Alexandra Fuller: Fairy Tales on the Frontlines (and Other Books)
The Author of Quiet Until the Thaw on the Books in Her Life
What was the first book you fell in love with?
Arthur Ransome’s Old Peter’s Russian Fairy Tales. My mother read those turbulent wild stories to me when I was five and we were living on the border between Rhodesia and Mozambique on the frontline of a racist bushwar in which my family were among the very aggressive antagonists. The rowdiness and earthiness of those fairy tales were just right for how violent and bloodstained my childhood was.
Name a classic you feel guilty about never having read?
The Bible. That’s a book I feel sure I should read thoroughly from cover to cover, not only because it’s been wielded as a weapon of mass destruction for centuries by so many, including enough of my ancestors—my people came to Africa under the cover of the cloth—but also because I believe sincerely in the message of Christ. The feminine has been so artificially amputated from our Western sacred traditions, so I’d also have to make sure I read the Nag Hammadi library for the whole picture.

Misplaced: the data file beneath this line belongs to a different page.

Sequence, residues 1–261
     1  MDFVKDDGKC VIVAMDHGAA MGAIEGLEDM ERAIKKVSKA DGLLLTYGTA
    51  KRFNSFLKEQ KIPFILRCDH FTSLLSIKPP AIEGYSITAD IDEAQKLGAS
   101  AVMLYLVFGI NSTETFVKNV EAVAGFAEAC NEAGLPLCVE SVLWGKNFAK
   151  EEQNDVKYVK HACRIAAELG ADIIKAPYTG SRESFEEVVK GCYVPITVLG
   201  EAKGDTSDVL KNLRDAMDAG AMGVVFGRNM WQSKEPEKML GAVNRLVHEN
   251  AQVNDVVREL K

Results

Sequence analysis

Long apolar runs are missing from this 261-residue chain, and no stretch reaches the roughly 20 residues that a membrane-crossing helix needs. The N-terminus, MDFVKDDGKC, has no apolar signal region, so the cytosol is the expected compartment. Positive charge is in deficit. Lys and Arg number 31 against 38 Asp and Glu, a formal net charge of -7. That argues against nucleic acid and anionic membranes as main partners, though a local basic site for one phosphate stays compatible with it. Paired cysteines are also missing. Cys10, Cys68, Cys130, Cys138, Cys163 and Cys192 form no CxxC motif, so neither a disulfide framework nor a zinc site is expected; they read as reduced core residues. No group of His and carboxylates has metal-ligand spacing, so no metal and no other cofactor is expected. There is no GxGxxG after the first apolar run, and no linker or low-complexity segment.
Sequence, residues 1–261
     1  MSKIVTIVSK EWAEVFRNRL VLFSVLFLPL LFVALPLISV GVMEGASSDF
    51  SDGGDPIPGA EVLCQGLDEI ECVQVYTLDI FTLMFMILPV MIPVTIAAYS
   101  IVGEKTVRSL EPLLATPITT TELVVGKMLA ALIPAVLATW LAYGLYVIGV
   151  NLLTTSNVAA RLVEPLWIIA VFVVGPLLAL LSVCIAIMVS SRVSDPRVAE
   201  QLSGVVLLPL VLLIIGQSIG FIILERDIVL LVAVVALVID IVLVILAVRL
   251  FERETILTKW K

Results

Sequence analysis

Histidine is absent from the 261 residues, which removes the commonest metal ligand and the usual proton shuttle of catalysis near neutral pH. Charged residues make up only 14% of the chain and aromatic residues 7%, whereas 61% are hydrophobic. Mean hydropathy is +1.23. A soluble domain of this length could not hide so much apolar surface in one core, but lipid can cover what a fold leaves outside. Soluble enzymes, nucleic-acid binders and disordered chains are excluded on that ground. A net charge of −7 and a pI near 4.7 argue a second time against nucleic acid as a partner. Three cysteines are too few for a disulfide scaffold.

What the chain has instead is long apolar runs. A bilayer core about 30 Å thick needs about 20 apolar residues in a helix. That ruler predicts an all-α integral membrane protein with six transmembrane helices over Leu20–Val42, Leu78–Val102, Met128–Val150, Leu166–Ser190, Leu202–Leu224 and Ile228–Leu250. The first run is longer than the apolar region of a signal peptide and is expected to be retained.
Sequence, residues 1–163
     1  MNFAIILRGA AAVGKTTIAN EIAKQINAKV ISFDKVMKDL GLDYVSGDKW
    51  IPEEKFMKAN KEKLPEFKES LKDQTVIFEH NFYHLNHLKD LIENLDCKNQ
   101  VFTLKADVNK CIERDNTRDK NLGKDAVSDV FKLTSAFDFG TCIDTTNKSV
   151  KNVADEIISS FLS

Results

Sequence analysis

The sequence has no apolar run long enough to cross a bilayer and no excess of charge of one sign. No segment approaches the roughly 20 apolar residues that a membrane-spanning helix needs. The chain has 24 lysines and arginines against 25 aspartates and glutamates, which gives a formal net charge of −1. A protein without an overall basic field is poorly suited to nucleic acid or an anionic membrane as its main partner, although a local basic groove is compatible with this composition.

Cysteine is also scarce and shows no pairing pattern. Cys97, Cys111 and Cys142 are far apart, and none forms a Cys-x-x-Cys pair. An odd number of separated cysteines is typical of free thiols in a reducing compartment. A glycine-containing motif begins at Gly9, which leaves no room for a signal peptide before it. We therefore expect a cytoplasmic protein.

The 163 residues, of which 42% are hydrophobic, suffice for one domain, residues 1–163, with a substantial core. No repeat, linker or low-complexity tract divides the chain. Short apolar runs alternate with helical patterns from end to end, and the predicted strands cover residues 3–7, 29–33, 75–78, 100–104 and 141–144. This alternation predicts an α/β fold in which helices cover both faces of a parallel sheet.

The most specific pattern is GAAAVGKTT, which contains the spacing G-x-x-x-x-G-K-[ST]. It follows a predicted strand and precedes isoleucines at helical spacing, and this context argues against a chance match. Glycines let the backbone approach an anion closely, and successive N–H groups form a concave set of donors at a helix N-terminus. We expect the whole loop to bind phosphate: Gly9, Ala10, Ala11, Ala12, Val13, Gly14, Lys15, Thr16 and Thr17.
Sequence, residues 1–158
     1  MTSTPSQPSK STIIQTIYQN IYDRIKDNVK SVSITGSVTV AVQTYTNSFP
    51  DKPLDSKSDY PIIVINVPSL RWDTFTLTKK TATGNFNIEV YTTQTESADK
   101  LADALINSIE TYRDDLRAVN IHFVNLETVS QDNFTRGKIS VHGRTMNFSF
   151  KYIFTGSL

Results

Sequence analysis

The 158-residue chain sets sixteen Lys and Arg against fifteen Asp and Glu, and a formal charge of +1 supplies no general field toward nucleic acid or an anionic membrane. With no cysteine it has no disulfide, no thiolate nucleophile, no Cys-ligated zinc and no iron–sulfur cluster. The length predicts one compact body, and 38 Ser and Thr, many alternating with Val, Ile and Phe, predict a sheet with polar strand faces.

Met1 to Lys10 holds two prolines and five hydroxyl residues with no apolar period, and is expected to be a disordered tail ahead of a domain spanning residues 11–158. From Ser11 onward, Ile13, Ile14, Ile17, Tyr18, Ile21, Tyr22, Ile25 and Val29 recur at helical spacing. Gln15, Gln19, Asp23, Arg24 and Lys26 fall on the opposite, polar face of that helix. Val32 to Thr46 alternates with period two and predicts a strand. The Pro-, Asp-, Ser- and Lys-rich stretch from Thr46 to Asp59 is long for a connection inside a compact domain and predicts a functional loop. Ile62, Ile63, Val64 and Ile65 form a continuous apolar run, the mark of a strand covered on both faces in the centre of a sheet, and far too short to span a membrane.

What’s the book you reread the most?
PG Wodehouse’s Right Ho, Jeeeves. Wodehouse represents almost all I would want to salvage and cherish of my English heritage: insouciance, stoicism and an abhorrence of fascists. Plus, in a very stiff-upper-lip way, the man plays with language like Eddie Murphy in Harlem Nights. I mean, both those men understand language as jazz like very few other people I can point to. And oh, they make it look so easy, and fun.
Is there a book you wish you had written?
No. But the book I most admire right now and that I think is the novel of this very moment is Juan Rulfo’s 1955 masterpiece Pedro Páramo. It’s the most incredible study on what happens to a land scorched by the tyranny and greed of a single man.
What’s the new book you’re most looking forward to?
I’ve got Naomi Klein’s No is Not Enough: Resisting Trump’s Shock Politics on the top of my reading list. I’ve also just bought a copy of Bertolt Brecht’s sobering, stunning War Primer. They feel like sore comfort in these undeniably unravelling days.
Alexandra Fuller’s Quiet Until the Thaw is out today